EcoSecurities Group, one of the largest players in the international carbon market, has shelved plans to set up shop in New Zealand, following the National/Act agreement to review not just the details of the emissions trading scheme but whether to proceed with one at all.
It had planned to launch the business, in conjunction with Simon Young and his company the Karo Group, this week.
It would have been both a buyer of forest sink credits and a seller of secondary CERs, which are high-quality carbon credits generated by United Nations-approved climate-friendly projects in developing countries.
EcoSecurities had amassed a portfolio of 418 such projects which should generate emissions reductions of 118 million tonnes by 2012, associate director and corporate counsel Greg Fahey said.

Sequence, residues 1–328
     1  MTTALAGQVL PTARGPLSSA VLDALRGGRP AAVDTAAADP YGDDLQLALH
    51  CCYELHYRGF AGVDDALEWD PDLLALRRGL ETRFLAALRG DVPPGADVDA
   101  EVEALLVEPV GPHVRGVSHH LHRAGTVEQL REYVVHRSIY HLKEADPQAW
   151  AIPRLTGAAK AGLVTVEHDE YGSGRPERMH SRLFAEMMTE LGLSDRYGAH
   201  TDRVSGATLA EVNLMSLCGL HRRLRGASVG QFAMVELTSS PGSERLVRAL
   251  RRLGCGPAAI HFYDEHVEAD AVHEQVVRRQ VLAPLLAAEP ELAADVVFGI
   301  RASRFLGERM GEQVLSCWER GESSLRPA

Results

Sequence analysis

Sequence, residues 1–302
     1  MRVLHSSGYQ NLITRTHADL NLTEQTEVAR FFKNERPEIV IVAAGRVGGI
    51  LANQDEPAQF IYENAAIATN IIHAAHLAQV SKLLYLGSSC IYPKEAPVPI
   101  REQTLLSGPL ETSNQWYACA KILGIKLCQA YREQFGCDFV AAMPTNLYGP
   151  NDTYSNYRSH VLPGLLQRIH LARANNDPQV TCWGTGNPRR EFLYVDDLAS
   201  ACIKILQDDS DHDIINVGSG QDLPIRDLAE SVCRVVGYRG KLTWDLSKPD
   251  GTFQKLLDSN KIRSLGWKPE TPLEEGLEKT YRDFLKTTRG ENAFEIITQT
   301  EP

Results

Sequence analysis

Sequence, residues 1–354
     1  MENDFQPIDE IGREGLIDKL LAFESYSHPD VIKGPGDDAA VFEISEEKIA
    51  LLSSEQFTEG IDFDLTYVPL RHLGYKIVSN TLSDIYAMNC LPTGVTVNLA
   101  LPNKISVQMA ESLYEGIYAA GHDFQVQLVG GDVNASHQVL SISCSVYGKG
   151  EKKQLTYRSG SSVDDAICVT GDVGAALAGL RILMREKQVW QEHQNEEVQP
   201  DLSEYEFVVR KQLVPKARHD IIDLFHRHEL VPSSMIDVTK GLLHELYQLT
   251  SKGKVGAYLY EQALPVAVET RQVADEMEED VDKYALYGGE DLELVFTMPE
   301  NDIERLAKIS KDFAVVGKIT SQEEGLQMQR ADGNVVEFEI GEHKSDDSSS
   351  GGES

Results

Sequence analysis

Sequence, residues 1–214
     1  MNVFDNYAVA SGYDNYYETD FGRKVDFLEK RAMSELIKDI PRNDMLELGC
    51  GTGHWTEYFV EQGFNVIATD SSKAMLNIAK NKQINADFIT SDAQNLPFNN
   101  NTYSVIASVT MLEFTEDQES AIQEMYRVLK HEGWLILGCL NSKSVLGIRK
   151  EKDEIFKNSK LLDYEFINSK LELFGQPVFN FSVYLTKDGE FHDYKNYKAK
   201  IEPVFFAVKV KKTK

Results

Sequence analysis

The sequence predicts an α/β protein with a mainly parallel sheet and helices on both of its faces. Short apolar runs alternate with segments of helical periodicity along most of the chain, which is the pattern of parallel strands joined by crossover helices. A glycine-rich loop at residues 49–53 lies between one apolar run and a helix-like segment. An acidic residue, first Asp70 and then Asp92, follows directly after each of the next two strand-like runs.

"To have come down here to launch a business and then to have to report to our directors that actually they are revisiting the science on climate change really doesn't help perceptions of New Zealand," Fahey said.
"Speaking as a New Zealander, but from an international standpoint, this surprising move could seriously affect our standing in the international debate on climate change. We have gone from what could have been an extremely positive position in 2009, when there will be a lot of spotlight on the issue, and having some influence, to the complete opposite."
However, EcoSecurities remained optimistic an informed debate would see the Government follow through with a scheme not dissimilar to the current one.